LONDON, May 15 (Reuters) - Tuesday is D-Day for Maria Sharapova as she awaits the announcement of the French Tennis Federation as to whether she will receive a wild card into this year's French Open.
The Russian's return from a 15-month ban for a doping violation has divided opinion with many players asking whether Stuttgart, Madrid and Rome were right to give her a wild card into their events.
Sharapova reached the semi-finals on her return in Stuttgart last month but did not have enough ranking points to get straight into the main draw in Paris, nor the qualifying event.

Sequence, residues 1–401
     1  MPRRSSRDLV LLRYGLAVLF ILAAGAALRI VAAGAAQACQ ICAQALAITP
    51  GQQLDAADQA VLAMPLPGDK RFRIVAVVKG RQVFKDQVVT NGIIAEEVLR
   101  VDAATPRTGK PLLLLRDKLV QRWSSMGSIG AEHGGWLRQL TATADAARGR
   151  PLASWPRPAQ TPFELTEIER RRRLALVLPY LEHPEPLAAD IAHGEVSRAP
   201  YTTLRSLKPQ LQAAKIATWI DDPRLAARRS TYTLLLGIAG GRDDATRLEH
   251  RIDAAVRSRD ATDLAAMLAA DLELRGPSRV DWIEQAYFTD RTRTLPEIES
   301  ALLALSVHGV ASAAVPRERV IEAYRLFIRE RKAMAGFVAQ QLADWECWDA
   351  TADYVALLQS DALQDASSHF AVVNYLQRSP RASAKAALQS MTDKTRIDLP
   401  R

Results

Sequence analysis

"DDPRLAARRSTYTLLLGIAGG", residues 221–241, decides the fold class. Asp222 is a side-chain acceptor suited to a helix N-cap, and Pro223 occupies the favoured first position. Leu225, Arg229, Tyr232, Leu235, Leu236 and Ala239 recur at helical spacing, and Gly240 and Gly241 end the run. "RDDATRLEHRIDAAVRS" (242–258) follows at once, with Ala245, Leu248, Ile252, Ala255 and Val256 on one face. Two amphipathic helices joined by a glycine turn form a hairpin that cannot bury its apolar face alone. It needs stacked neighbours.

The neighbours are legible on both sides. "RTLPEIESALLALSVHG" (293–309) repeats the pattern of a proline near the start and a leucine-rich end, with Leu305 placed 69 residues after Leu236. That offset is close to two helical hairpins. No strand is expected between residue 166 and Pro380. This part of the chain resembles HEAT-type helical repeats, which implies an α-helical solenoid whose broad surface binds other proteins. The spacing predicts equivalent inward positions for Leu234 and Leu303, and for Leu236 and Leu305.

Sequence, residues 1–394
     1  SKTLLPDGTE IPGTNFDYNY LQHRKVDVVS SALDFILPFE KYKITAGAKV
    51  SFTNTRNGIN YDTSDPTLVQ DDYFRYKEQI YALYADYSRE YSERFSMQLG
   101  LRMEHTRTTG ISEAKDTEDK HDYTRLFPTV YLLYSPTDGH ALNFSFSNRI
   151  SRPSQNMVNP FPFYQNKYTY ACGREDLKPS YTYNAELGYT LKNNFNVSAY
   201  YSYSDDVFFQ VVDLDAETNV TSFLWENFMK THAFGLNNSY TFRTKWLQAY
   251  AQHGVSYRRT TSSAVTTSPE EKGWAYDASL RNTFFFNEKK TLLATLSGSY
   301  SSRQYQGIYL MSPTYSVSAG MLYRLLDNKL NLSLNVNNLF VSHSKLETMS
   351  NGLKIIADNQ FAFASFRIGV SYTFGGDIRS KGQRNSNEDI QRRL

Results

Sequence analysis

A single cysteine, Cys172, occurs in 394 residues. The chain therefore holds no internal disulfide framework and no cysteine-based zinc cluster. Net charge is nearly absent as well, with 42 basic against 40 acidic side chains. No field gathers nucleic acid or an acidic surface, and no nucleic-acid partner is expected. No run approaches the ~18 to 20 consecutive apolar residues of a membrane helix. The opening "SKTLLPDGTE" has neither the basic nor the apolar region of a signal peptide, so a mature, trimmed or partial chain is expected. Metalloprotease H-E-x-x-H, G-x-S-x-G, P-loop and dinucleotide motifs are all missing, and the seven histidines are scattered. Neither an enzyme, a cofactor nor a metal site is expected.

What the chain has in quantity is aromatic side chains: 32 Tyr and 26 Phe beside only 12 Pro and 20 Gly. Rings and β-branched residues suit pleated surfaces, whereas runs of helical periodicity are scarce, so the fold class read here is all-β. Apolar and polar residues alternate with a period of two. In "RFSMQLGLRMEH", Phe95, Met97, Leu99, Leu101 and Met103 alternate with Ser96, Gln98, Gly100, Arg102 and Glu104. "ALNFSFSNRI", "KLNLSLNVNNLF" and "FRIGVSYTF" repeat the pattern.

As a grand slam event, the French Open is perhaps less in need of extra publicity than a regular Tour event, its sponsorship and advance ticket sales largely unaffected by the presence of an individual player.
However, the Roland Garros tournament, which will announce the decision on Facebook Live at 1900 local time (1700 GMT) on Tuesday, may feel under financial pressure to grant Sharapova a wild card, either for qualifying which starts on May 22 or for the main draw six days later.
As the smallest of the four grand slam venues, Roland Garros has the lowest attendance and generates the least revenue, and a decade-long stalemate over its plans to expand means it faces being left behind as the other slams continue to grow.
French Open revenue was 187.3 million euros ($205 million) in 2015, compared to Wimbl...